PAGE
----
The idea of law enforcement networking goes back a long way, and today, it's hard to see a police car without some kind of network terminal in it enabled for remote access. But IBM (News - Alert) is taking this idea to an impressive new level with the IBM i2 COPLINK on Cloud system, a cloud-based tool that gives law enforcement agencies, regardless of size or location, access to over one billion documents that can be readily accessed, shared and updated.
IBM's i2 COPLINK system has been around for quite some time—reports suggest it's nearly 20 years old—but the growth of cloud computing overall has elevated this tool for law enforcement's use. The COPLINK system uses a combination of tools, including analytics and so-called “fuzzy searches”, to help law enforcement bridge critical gaps in information and draw the conclusions that are necessary to make arrests. Plus, the system can even allow for things like geospatial mapping to kick in, allowing the generation of maps by time, so that patterns in burglaries or arsons or the like can be more readily spotted and potentially stopped.
Moving it to the cloud, meanwhile, opens up the number of possibilities for access, and reduces the amount of IT support required to engage in such practices. The need to shell out a lot of money up front falls through the floor, and the ongoing expenses required to sustain such a system carry on likewise. This is particularly useful in an environment where budgets are on the decline.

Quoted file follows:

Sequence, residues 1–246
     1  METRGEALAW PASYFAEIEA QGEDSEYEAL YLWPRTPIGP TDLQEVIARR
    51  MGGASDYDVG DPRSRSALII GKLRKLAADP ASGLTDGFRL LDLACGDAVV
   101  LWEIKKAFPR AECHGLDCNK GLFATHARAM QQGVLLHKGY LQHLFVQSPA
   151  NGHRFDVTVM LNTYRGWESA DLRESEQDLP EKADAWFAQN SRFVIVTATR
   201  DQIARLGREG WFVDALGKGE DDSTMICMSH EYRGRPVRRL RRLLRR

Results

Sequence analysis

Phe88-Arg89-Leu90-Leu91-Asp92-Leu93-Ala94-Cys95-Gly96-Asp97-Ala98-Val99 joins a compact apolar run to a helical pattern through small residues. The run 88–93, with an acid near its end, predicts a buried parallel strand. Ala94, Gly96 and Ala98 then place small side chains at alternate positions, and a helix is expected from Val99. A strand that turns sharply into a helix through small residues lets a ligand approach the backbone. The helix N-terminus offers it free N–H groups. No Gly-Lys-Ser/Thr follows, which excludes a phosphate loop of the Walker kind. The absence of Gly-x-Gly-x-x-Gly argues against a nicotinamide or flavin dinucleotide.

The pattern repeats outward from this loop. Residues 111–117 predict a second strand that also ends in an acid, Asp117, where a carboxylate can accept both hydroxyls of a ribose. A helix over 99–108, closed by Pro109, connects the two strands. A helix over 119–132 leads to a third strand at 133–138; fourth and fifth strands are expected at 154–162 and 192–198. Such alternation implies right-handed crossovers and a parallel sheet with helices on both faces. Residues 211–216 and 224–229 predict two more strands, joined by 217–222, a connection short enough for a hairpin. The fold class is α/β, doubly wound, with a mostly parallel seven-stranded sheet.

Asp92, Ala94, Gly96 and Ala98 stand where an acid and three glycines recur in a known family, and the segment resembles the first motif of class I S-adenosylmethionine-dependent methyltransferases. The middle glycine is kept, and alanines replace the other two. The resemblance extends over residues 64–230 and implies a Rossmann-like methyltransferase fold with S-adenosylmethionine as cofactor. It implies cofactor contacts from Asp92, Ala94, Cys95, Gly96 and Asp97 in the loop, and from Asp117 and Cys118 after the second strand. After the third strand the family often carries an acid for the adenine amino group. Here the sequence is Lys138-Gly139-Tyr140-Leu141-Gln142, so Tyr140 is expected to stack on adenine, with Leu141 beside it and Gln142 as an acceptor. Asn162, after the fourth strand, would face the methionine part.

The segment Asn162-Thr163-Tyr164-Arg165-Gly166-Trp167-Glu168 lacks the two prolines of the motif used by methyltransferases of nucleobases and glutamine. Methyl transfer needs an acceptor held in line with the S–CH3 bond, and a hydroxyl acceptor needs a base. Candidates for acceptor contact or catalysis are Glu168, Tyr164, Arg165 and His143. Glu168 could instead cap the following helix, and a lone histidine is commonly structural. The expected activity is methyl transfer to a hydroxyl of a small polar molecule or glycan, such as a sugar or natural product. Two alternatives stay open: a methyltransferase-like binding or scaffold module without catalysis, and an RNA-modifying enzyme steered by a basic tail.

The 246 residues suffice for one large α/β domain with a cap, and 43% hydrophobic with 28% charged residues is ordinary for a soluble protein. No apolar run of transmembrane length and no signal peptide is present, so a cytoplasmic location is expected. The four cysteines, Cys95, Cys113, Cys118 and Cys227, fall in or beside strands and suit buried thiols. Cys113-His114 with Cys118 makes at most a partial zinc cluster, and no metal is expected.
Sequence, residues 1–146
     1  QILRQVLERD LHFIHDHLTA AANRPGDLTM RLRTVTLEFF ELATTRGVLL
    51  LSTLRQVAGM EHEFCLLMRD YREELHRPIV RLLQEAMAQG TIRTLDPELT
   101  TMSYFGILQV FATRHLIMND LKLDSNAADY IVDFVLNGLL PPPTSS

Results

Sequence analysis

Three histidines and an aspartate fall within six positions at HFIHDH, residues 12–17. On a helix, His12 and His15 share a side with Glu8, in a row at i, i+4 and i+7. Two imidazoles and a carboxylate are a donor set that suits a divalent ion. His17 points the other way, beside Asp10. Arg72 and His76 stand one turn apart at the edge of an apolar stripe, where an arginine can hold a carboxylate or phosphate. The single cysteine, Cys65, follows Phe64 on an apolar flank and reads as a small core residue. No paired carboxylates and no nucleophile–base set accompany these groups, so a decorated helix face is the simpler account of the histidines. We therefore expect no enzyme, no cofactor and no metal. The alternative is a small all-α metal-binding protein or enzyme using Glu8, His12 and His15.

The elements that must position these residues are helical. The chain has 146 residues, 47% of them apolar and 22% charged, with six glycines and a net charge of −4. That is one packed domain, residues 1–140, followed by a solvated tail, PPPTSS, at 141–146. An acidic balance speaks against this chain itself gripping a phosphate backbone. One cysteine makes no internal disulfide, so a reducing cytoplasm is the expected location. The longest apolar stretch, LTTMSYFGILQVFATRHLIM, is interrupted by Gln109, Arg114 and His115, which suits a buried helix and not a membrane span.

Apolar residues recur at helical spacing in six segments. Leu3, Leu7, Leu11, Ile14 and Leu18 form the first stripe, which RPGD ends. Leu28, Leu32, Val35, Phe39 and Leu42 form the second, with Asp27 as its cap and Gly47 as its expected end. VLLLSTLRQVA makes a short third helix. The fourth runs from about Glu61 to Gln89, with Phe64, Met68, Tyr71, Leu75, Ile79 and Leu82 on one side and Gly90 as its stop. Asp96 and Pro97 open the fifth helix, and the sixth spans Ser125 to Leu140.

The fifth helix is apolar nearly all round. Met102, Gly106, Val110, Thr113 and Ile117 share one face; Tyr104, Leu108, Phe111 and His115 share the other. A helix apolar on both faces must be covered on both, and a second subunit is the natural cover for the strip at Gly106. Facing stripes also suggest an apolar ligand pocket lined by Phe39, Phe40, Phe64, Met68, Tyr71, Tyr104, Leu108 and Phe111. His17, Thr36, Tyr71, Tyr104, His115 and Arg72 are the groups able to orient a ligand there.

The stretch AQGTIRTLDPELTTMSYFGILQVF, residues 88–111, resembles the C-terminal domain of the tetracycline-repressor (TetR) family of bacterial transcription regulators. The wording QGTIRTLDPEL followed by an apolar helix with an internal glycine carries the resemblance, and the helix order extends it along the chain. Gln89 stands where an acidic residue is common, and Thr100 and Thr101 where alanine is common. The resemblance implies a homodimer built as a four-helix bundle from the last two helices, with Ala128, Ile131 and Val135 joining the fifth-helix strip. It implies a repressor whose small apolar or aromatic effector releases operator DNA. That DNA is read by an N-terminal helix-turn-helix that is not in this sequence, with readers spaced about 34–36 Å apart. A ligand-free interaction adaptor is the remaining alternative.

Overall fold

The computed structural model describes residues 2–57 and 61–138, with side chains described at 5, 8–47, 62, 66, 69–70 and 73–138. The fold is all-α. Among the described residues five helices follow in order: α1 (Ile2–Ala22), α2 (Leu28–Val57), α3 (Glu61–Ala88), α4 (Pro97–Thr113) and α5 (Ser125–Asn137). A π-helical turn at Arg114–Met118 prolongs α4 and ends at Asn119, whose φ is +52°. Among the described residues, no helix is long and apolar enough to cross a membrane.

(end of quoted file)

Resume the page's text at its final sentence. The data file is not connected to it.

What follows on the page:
IBM's general manager of the Safer Planet division, Robert Griffin, offered up some comment on the new release, saying, “Access to the vast volume of law enforcement data hosted on the cloud can increase an agency's ability to uncover hidden relationships in data, and also can help agencies establish crime patterns outside their own region and share information across jurisdictions using security features. IBM's decision to make i2 COPLINK accessible via the cloud enables the transformation of law enforcement to continue—now a department with 40 police officers can access the same data and analytics tools as a department of 40,000.”
Great news for law enforcement, and mostly good news for the rest of us, this means that law enforcement is likely to have even better access to a valuable tool that helps it find criminals, and that's the kind of thing that helps keep us all a bit safer. The idea of a criminal slipping away, or eluding law enforcement years longer than they should, because two counties didn't share information is a galling one, and one that's less likely to happen with the expansion of i2 COPLINK. The fact that it allows law enforcement to do a better job without accompanying tax hikes, meanwhile, should be a welcome one for most citizens.
It's one more great example of how cloud-based technology is improving our everyday life, and giving us all a string of new advantages. Whether we're checking on the status of our lights and heat at home while away, or allowing the police to better share information and find criminals, the end result is the same: we all come out ahead, thanks to the cloud and the ability to reach information regardless of location.